Intuition is a deep process in which a great many disparate factors are unified into a single conclusion. There is no question that the process is real; nor any question that it sometimes yields astoundingly accurate conclusions. Yet it remains completely outside the ken of IQ tests.

            •  Intuition can't be measured (1+ / 0-)
              Recommended by:
              MichaelNY

              You're quite right in pointing out the difficulty of measuring intuitive capacity. So, does this mean that you deny intuition as a cognitive capability?

              •  Intuition is real (0+ / 0-)

                I do regard intuition as a real cognitive capacity that is important to intelligence, however until we have a valid way of measuring it, your theory that it's unrelated to IQ or g, is unfalsifiable speculation.

                •  True (1+ / 0-)
                  Recommended by:
                  MichaelNY

                  but your suspicion that "intuition will be g loaded" is no less speculative. In the interim, is there anything in IQ tests that you can point to that addresses intuition? I think not. While we cannot define intuition quantitatively, we know enough about it to be able to characterize it, and I think it's obvious that nothing in IQ tests addresses that characterization.

      •  I agree whole heartedly. (1+ / 0-)
        Recommended by:
        MichaelNY

        How much talent and potential is squelched in this culture, due to this rigid dogma regarding the quantification of intelligence?

    •  One of the most brilliant people I ever knew (0+ / 0-)

      was a great bomoh (healer) in Malaysia. He wasn't very literate in terms of reading and writing, but he knew dozens of great epics by heart and could expound for hours with great wisdom and internal logic on matters of cosmology, health, and symbolism that an uninitiate couldn't have even imagined.

      Formerly Pan on Swing State Project

      by MichaelNY on Sun Jan 13, 2013 at 10:56:37 AM PST

      [ Parent ]

  •  The debate about nature and nurture is old (1+ / 0-)
    Recommended by:
    MichaelNY

    and contentious, but it is some of both. We adult humans are products of nature and nurture working together, and there is a name for that process. It is called Evolution—Evolution by Natural Selection to be precise—Charles Darwin’s Theory.

    Furthermore, it divides our species into two groups with different and competing natural behaviors.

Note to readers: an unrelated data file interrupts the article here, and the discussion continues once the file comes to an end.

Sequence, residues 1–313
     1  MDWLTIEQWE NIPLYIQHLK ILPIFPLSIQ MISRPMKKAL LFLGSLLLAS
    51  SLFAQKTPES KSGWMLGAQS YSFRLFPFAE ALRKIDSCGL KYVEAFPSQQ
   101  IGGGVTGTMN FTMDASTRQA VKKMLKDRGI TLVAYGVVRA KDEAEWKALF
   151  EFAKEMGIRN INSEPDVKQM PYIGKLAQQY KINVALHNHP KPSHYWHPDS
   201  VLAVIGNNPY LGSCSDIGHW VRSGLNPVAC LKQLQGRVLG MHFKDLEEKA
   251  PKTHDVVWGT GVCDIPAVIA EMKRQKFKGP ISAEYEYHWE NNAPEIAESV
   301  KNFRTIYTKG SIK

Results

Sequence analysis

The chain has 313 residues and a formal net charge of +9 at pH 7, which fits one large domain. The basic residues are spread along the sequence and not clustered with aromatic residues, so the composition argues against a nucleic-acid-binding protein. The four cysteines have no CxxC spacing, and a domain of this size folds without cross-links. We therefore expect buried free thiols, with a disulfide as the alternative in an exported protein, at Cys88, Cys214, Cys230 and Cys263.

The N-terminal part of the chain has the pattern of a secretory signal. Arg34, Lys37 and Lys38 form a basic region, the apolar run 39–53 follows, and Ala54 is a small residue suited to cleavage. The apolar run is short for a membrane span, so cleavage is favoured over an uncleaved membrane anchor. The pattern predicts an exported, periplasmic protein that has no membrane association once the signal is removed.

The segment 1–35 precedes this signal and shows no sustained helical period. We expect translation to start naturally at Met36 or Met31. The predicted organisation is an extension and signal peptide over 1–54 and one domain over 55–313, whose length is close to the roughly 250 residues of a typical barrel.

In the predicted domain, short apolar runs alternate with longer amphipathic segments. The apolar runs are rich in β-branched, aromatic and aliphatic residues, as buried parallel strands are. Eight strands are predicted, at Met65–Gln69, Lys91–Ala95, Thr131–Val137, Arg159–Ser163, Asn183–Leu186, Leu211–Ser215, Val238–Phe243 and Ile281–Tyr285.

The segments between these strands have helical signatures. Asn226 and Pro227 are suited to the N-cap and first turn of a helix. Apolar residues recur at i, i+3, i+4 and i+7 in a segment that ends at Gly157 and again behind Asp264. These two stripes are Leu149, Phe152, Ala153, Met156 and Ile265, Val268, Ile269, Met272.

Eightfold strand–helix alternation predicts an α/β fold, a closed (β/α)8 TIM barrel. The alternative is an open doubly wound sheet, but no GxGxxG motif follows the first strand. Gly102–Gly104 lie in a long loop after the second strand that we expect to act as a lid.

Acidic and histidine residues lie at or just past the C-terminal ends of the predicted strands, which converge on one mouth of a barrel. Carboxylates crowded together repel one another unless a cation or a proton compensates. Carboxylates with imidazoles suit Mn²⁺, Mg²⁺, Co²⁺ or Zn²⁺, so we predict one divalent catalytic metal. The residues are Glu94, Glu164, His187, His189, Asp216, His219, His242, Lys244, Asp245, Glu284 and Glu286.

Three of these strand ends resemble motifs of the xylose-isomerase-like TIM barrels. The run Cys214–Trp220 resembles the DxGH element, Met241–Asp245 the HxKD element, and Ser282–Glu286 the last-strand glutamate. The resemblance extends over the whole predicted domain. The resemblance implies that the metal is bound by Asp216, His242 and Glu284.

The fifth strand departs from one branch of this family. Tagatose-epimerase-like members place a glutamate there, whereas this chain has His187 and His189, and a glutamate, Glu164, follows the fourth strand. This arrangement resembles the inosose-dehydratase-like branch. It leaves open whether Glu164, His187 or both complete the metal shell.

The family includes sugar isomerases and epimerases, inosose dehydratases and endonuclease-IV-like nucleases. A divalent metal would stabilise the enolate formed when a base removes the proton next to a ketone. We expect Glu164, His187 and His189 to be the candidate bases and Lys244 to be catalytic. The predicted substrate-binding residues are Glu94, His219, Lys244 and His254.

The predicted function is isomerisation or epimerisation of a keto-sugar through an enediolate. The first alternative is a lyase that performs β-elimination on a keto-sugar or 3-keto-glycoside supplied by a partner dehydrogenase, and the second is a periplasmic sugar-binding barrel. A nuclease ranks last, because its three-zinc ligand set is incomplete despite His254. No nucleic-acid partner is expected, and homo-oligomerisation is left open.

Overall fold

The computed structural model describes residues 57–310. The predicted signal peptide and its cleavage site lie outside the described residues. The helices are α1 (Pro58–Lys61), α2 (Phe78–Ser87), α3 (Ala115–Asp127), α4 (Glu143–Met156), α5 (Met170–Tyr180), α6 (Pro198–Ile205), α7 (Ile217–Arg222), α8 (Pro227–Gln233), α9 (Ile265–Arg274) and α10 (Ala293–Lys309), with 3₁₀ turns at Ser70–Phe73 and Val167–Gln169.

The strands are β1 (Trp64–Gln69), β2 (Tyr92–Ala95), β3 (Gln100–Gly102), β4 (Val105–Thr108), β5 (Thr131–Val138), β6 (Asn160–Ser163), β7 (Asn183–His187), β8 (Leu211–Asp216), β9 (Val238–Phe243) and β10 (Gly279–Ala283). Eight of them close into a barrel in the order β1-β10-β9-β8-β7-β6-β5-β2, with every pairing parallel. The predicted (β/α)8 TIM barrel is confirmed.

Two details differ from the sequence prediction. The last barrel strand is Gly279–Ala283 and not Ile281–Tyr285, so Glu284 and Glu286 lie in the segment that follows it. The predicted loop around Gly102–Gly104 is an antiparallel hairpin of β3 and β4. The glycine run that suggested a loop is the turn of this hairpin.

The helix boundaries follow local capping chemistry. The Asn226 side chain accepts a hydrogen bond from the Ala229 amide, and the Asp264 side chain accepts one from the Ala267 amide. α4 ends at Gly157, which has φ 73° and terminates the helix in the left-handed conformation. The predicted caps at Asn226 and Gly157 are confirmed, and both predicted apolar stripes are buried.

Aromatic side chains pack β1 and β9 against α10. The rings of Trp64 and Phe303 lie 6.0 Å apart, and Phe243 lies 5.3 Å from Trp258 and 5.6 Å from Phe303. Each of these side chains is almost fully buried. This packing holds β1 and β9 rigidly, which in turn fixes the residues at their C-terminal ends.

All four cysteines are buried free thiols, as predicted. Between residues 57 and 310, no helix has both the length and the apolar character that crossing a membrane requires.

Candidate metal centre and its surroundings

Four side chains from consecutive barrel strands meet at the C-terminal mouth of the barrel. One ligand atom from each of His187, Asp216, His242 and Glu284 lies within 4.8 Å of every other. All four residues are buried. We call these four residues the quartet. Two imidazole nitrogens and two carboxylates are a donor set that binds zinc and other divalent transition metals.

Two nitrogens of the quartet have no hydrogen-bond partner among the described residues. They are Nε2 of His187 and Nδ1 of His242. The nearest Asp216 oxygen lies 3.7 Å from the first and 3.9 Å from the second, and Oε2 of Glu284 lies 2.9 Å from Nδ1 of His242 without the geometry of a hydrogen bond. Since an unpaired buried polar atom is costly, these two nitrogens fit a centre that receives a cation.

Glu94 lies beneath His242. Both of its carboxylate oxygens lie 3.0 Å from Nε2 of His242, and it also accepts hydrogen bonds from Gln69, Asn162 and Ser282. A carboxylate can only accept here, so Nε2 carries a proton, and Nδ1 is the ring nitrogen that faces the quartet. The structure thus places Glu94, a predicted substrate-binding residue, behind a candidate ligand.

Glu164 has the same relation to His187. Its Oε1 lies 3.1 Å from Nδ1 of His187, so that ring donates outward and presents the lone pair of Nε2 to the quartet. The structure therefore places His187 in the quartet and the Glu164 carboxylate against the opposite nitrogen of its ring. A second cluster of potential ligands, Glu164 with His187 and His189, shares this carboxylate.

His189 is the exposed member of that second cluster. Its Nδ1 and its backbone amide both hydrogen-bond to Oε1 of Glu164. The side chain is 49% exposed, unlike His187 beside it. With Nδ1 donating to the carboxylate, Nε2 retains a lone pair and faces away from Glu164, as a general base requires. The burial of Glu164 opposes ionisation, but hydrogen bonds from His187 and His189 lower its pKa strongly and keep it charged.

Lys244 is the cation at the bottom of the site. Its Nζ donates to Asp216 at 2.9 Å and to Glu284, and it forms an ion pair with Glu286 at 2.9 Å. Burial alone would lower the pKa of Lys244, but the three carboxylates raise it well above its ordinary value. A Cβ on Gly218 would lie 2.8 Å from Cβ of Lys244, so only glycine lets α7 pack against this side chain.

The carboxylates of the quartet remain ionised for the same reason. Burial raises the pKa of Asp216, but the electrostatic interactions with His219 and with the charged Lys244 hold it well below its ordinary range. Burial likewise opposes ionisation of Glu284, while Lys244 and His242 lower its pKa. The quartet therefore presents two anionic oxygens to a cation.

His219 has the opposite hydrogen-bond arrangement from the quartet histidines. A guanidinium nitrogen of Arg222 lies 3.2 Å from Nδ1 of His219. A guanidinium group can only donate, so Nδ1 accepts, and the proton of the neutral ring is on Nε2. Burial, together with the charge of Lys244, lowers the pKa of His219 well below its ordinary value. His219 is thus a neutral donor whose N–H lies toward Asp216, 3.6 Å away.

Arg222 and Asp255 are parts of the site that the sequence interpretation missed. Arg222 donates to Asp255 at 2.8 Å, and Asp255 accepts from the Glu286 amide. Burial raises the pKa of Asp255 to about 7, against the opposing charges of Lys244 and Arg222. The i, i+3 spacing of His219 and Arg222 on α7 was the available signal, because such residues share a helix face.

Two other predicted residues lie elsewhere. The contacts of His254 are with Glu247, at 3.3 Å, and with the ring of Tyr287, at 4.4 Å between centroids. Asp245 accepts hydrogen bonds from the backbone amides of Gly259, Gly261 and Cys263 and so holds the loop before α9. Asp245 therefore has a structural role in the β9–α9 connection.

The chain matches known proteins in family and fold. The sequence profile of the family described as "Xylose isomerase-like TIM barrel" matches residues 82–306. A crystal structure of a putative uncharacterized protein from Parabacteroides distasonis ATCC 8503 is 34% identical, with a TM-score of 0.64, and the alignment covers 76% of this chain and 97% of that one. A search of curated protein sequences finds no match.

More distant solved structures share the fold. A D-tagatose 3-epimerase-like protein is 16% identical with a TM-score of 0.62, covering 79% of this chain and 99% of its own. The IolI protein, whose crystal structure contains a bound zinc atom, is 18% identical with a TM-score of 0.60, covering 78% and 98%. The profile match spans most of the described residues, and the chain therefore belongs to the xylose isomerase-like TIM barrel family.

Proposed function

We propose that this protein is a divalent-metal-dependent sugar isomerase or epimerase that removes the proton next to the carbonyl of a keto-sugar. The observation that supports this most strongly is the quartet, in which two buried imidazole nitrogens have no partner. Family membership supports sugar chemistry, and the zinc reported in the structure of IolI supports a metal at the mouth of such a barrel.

If Charles Darwin were still alive, I think that he would say that Edward O. Wilson is one of those “naturalists having sound judgment and wide experience,” that we should listen to. Wilson has written many important books on various topics concerning evolution. His latest, The Social Conquest of Earth, may well be his most important. In it, he explains how human evolution has resulted in a fundamental conflict between behaviors that favor the success of the individual human and behaviors that favor the success of groups of humans. He says that these two conflicting behaviors have a genetic basis:

    Alleles (the various forms of each gene) that favor survival and reproduction of individual group members at the expense of others are always in conflict with alleles of the same and alleles of other genes favoring altruism and cohesion in determining the survival and reproduction of individuals. Selfishness, cowardice, and unethical competition further the interest of individually selected alleles, while diminishing the proportion of altruistic, group-selected alleles. These destructive propensities are opposed by alleles predisposing individuals toward heroic and altruistic behavior on behalf of members of the same group. Group-selected traits typically take the fiercest degree of resolve during conflicts between rival groups.
    Wilson’s conclusion is that this conflict, this struggle between two kinds of humans, has only one outcome:  
    An unavoidable and perpetual war exists between honor, virtue, and duty, the products of group selection, on one side, and selfishness, cowardice, and hypocrisy, the products of individual selection, on the other side.

    … In summary, the human condition is an endemic turmoil rooted in the evolution processes that created us. The worst in our nature coexists with the best, and so it will ever be. To scrub it out, if such were possible, would make us less than human.

    I can think of no better description of our present predicament. The Darwinian struggle has long been with us.  In fact, Darwin foresaw that the struggle could be violent even among relatives. In the third chapter of Origin he included this section heading:
    Struggle for Life most severe between
    Individuals and Varieties of the same Species.
    The best we can do is to do our best. We must work for the common good.

    Might and Right are always fighting, in our youth it seems exciting. Right is always nearly winning, Might can hardly keep from grinning. -- Clarence Day

    by hestal on Sun Jan 13, 2013 at 08:07:59 AM PST

    •  I gobble up E.O.Wilson's books (2+ / 0-)
      Recommended by:
      hestal, MichaelNY

      He's written a lot, all of it good. I agree with you that The Social Conquest of Earth is his best; he just keeps getting better and better, and gives me hope that my own mental skills might not fade so badly as I age. I was surprised at his direct assault on the rejection of group selection, but he makes a compelling case.

  •  50% of human behavior (1+ / 0-)
    Recommended by:
    MichaelNY

    I don't know what "genetic factors are responsible for perhaps 50% of human behavior" means. IQ is a quantitative measure. "Human behavior" is not.